By Kevin Noonan
Michael Crichton has always hated - or feared - technology. In his novels The Andromeda Strain, The Terminal Man, and Jurassic Park, he has been a technology Cassandra, a modern-day Luddite warning that technology would get us if we weren't very careful. And while space viruses, inhuman cyborgs, and thunder lizards are entertaining as fiction, they shouldn't inform national policy.
That is what Dr. Crichton has been trying to do recently, neatly dovetailing these efforts with promoting his latest book, Next. The bogeyman this time is DNA patenting, which he assails in an OpEd piece in The New York Times today. Unfortunately, the misstatements and exaggerations in the piece make it closer to fiction than it has any right to be, appearing in the pages of the "paper of record."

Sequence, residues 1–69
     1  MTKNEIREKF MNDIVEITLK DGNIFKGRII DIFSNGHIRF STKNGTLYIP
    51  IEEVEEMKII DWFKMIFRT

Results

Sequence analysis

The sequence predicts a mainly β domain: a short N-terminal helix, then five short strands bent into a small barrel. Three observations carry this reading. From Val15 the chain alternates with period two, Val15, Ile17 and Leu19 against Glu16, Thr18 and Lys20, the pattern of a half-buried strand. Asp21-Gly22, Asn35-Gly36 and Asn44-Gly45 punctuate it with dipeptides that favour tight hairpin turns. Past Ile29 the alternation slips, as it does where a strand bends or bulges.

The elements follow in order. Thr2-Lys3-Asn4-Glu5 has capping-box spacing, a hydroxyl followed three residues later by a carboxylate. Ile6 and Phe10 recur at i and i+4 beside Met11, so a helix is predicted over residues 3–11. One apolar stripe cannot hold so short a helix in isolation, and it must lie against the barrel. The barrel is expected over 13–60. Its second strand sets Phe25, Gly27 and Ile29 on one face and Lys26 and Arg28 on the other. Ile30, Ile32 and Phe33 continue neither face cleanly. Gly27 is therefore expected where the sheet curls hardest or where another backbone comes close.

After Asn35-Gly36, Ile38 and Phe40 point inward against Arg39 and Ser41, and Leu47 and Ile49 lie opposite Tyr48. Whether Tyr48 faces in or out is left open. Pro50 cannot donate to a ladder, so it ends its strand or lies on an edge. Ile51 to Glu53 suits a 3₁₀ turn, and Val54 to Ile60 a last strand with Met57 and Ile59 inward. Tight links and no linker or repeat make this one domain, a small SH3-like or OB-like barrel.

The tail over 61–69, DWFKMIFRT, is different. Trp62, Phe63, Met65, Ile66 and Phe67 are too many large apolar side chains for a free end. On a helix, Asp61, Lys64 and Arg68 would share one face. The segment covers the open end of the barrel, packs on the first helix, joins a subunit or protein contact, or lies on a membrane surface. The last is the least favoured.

The problems begin with the title, "Patenting Life." Patenting life isn't what he is concerned with - it is patenting DNA. DNA is not life, any more than patenting Vitamin B12, proteins, or hormones isolated from animal (or human) material. Writers like Dr. Crichton (particularly academics, who should know better) have created a "new vitalism;" in this philosophy DNA is "different" and patenting DNA should be prohibited. One problem with their position is its intellectual dishonesty: as Dr. Crichton does here, they accuse gene patentees of having ownership rights to "your" DNA (the DNA in the cells of a person's body). This is nonsense, since anyone familiar with this space or any other truthful description of DNA patenting knows that patented DNA must be "isolated" or "isolated and purified." In short, no one has ownership rights over "your" DNA (or mine, or Dr. Crichton's).